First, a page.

Author(s): Rafi Mittlefehldt
“A haven of understanding for readers who have felt the foolish hand of ignorance trying to prevent them from knowing, being, and loving who they are.” - Kirkus Reviews
A new state, a new city, a new high school. Mike's father has already found a new evangelical church for the family to attend, even if Mike and his little sister don't want to go. Dad wants Mike to ditch art for sports, to toughen up, but then Mike meets Sean, another new kid, and “hey” becomes games of basketball, partnering on a French project, hanging out after school. A night at the beach. But Mike's father is always watching.
Rafi Mittlefehldt tells a wrenching tale of first love and loss that exposes the undercurrents of a tidy suburban world.
It Looks Like This looks to be the debut novel of the season. Mike and Sean's discovery of their love for each other is told with such exquisite tenderness, I could not put the book down, even when I knew that something dreadful was going to happen. Despite many obstacles, Mike comes into his own with the help of understanding friends, a few kind adults, a faithful dog, and Toby, the greatest little sister since Phoebe Caulfield. This is an extremely powerful book. --Lesléa Newman, author of October Mourning: A Song for Matthew Shepard It Looks Like This perfectly captures the buzzing static that hits your brain the second you realize you're not the person your parents expect you to be. A painful, poignant story about choosing compassion over anger. --Maggie Thrash, author-illustrator of Honor Girl, a Los Angeles Times Book Prize Finalist The first-person narrative is easy, casual, and calm and indicative of Mike, whose quiet perceptiveness can be misconstrued by outsiders as passivity (no speech marks make the dialogue feel direct and intimate)... A haven of understanding for readers who have felt the foolish hand of ignorance trying to prevent them from knowing, being, and loving who they are. --Kirkus Reviews There is a grace in the slow reconciliation of Mike with his family; hard-won connections feel authentic as Mike's dad slowly thaws long after his mother has adjusted. Mike's wry, wise-beyond-her-years sister, Toby, is a contemporary Phoebe Caulfield, and she bears a lot of social risk to protect her big brother. There are plenty of sunny coming-out stories; this stark reminder that being gay can also still mean getting prayed over at straight camp or being shunned is also, unfortunately, part of the lived experience. It's handled with beauty and care here, and the concluding muted hopefulness is perfectly aligned with the novel's arc. --Bulletin of the Center for Children's Books Debut author Mittlefehldt's direct style of writing cuts to the heart of Mike's struggle to embrace his true self and to take control of his life, bringing freshness to a familiar plot. The story is propelled in small, quiet moments that steadily build toward much-deserved hope and acceptance. --Publishers Weekly It Looks Like This tackles first love, bullying, religion, finding yourself, and forgiveness... Mittlefehldt pens a coming-out story that does not have a happy ending, but gives hope towards a more tolerant future for Mike and his family. --VOYA A moving...examination of the costs of homophobia. --School Library Journal This first novel is a powerful, sympathetic, and insightful look at what goes through the mind of gay kids when the understanding of their identity hits. The confusion of adolescence is written about with empathy and compassion. --School Library Connection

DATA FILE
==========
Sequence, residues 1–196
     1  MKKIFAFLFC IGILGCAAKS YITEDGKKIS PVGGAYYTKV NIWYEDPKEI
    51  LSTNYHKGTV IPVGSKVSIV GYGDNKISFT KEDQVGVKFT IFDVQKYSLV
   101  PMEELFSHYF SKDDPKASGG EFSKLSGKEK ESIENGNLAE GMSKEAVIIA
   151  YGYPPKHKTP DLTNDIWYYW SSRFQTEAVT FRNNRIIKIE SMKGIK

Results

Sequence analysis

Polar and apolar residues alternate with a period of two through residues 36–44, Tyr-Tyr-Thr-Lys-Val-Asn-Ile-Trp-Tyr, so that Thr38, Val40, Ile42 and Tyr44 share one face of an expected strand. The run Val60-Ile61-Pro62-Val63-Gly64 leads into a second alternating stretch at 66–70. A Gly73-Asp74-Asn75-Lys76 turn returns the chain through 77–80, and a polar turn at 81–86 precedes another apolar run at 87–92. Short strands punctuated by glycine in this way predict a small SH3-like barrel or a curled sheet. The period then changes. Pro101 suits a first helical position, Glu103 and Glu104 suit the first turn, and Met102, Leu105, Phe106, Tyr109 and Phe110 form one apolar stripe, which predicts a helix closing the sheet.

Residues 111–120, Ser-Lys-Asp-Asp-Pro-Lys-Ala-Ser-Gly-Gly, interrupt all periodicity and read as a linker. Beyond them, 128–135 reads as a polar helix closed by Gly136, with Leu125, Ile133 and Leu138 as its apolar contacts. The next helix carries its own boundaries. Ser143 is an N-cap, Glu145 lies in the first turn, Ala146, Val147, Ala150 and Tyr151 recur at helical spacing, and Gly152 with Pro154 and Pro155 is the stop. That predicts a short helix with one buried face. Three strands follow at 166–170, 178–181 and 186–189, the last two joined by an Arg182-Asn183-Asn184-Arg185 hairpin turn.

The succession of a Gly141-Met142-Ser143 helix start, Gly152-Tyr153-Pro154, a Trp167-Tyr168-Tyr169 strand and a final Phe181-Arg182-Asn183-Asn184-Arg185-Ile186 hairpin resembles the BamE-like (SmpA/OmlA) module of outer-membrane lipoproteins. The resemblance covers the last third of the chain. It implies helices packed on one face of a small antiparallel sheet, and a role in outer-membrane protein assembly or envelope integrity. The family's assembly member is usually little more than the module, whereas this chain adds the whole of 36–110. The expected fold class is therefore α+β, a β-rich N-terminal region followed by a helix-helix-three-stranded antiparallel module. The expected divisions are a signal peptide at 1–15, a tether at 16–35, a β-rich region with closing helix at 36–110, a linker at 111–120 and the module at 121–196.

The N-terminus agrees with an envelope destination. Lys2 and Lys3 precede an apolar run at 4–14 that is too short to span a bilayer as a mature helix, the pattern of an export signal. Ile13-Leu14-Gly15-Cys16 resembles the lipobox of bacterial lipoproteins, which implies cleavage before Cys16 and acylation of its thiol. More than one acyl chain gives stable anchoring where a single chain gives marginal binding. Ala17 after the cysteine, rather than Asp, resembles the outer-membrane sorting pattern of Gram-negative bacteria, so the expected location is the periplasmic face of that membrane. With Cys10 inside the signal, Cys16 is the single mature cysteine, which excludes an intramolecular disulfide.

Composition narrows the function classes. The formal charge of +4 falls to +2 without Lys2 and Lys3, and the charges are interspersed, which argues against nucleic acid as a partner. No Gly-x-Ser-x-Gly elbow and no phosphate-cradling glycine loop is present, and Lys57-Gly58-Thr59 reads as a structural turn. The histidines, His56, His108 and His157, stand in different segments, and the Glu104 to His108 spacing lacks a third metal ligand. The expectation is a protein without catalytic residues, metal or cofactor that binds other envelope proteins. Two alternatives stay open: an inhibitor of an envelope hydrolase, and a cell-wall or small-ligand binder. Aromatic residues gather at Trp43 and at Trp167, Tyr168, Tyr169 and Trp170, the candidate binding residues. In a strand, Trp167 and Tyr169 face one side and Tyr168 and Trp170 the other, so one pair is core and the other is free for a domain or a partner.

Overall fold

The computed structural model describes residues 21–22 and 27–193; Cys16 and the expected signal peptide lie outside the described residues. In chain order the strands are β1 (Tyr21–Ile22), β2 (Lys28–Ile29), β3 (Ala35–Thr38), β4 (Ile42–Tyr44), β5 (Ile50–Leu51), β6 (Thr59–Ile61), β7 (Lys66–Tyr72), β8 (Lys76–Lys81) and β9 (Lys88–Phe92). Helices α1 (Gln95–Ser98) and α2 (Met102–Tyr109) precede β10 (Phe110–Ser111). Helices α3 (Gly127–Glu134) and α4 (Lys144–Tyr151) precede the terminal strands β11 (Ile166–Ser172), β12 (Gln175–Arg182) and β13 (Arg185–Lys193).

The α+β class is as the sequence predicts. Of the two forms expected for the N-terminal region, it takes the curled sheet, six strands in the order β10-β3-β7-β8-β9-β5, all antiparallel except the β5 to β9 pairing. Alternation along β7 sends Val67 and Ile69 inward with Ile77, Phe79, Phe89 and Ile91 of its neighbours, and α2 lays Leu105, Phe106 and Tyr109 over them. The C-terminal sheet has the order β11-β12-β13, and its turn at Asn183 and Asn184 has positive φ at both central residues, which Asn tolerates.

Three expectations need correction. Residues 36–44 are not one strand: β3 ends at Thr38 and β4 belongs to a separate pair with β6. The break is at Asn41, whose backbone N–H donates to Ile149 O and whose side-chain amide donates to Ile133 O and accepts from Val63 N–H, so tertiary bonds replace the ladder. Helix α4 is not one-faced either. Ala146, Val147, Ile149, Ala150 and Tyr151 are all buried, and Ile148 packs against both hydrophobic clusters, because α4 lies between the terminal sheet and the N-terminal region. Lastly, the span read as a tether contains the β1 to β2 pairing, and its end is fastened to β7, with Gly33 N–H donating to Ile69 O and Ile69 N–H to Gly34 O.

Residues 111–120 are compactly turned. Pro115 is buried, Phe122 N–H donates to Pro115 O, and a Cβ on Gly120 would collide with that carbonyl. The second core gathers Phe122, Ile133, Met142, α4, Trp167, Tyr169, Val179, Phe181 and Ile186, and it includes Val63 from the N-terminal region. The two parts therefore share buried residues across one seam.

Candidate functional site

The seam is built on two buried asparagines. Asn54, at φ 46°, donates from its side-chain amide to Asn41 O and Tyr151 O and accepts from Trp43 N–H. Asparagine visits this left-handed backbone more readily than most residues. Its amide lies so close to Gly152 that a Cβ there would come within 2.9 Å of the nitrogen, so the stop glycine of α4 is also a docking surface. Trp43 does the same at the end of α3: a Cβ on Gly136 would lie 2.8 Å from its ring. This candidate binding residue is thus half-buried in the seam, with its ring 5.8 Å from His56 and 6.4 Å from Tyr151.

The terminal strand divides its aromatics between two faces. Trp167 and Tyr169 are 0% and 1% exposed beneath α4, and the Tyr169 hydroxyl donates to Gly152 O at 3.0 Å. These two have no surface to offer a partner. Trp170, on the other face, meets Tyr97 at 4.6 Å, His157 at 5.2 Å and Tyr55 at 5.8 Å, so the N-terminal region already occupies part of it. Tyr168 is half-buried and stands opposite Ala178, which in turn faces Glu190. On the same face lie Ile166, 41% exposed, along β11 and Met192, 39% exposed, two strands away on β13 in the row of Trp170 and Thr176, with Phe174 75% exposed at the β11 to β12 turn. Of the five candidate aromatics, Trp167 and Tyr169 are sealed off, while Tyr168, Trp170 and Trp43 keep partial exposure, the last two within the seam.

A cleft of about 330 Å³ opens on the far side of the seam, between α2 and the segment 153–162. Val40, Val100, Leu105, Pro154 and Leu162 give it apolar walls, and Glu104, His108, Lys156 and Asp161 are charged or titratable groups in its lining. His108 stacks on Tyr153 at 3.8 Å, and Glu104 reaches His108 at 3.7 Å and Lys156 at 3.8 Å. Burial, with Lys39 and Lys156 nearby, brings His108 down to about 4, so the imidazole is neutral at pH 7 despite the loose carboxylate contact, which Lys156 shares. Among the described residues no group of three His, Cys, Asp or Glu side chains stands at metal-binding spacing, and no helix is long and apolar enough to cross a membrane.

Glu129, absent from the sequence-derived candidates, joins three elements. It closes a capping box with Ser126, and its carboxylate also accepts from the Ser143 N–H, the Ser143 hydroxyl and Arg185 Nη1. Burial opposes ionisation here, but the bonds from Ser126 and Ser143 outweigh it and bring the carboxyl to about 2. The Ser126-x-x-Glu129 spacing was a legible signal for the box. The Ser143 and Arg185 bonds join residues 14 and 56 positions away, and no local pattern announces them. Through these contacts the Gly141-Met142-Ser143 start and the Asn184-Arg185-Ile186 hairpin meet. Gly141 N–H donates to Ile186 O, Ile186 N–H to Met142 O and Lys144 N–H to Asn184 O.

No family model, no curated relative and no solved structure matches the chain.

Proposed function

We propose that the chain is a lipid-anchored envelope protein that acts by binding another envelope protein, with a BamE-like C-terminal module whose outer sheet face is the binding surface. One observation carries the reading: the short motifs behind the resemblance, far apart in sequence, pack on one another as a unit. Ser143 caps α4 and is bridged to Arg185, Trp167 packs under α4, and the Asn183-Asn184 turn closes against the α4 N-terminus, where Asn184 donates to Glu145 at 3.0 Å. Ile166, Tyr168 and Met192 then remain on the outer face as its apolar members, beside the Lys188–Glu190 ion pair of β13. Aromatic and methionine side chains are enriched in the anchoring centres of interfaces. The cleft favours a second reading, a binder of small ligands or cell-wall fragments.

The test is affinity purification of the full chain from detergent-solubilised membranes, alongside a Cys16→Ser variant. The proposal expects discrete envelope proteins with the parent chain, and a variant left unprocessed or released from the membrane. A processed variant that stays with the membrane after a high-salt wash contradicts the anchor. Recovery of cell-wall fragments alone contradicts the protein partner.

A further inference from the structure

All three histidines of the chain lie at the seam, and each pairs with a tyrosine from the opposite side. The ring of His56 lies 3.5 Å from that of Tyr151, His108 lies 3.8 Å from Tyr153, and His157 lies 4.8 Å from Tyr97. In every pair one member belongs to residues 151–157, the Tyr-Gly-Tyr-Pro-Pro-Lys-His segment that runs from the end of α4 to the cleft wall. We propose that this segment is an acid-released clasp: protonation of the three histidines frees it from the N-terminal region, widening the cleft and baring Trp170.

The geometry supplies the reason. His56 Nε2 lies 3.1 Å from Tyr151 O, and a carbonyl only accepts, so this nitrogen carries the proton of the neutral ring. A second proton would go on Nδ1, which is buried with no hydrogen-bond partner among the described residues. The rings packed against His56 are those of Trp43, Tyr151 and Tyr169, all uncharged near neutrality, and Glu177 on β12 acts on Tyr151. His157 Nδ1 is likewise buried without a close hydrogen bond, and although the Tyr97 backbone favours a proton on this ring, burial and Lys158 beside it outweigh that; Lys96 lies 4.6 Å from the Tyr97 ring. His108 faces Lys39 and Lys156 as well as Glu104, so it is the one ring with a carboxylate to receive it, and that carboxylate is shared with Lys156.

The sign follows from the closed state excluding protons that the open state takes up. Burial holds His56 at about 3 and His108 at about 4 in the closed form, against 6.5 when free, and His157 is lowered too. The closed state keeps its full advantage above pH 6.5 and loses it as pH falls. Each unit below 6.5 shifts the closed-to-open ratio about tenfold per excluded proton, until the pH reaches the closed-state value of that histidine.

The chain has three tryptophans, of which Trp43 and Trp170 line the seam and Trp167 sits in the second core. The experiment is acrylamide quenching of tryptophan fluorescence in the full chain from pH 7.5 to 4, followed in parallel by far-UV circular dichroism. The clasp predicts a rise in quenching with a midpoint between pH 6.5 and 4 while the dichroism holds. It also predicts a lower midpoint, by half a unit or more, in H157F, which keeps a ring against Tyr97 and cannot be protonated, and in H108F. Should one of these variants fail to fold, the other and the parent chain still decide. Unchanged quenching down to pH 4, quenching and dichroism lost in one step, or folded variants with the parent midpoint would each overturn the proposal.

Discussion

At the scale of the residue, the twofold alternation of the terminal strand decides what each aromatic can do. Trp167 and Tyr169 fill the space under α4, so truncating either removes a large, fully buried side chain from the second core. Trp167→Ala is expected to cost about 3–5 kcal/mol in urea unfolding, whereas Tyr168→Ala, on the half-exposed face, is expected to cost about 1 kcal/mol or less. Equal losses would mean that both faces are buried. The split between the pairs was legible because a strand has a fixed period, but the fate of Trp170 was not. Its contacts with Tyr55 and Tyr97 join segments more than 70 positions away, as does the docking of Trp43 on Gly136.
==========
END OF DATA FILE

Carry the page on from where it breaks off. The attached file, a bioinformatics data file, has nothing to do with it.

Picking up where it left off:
Rafi Mittlefehldt has worked as a reporter for a small-town newspaper in central Texas and has freelanced as a theater critic for Exeunt magazine . This is his debut novel. Raised in Austin, Texas, he works in book publishing and lives in New York City.